Entities sometimes struggle to distinguish between accounting policies and accounting estimates, and enforcers have identified divergent practices. The Interpretations Committee felt that it would be helpful if more clarity were given and brought the issue to the IASB’s attention. In addition, the IASB is considering how materiality is applied in practice and has provided some guidance in the form of a practice statement.
The project came about as a result of uncertainty about how the concept of materiality should be applied, with the result that it was felt that preparers were adopting a cautious approach to disclosure, leading to disclosure of information that is not relevant. Further, some standards seem to suggest that their requirements override the statement in IAS 1 that an entity need not provide information that is not material.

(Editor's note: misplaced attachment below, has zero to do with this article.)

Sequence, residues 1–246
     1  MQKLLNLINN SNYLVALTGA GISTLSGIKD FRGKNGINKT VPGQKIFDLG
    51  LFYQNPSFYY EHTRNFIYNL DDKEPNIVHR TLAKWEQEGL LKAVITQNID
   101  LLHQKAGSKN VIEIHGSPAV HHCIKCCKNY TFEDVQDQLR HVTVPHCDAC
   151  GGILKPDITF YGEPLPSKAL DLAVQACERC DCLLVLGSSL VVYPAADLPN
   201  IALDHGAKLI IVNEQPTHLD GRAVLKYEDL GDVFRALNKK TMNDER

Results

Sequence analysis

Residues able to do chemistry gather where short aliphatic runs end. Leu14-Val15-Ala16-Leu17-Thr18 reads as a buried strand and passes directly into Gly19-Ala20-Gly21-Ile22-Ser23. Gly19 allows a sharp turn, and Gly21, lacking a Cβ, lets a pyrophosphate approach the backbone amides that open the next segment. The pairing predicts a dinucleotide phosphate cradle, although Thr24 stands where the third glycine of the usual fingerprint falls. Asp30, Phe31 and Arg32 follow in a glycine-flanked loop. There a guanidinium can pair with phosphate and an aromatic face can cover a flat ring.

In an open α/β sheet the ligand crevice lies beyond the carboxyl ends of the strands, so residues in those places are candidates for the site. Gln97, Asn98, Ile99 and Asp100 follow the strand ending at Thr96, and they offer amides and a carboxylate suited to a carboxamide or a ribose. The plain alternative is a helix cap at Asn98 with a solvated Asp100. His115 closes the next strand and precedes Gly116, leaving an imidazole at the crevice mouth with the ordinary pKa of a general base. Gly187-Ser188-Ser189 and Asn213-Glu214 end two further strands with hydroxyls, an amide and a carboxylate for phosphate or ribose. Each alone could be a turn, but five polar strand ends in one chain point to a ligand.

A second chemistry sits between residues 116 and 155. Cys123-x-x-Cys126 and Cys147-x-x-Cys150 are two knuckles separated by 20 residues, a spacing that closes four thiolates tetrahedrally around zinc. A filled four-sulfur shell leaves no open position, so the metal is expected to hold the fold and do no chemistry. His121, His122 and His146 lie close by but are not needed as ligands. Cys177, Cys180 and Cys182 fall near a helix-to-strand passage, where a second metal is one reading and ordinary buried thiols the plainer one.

The inclusion of immaterial information is not explicitly prohibited under IFRS and the IASB does not propose to prohibit entities from disclosing immaterial information for operational reasons. Reducing disclosure overload can only be achieved by reference to the primary purpose of the financial statements and by communicating in a transparent manner the financial position and performance of the entity. The improvement in the effectiveness of communication through the financial statements will reduce the users’ uncertainty about its financial position and performance and, potentially, the cost of capital.
Graham Holt is director of professional studies at the accounting, finance and economics department at Manchester Metropolitan Business School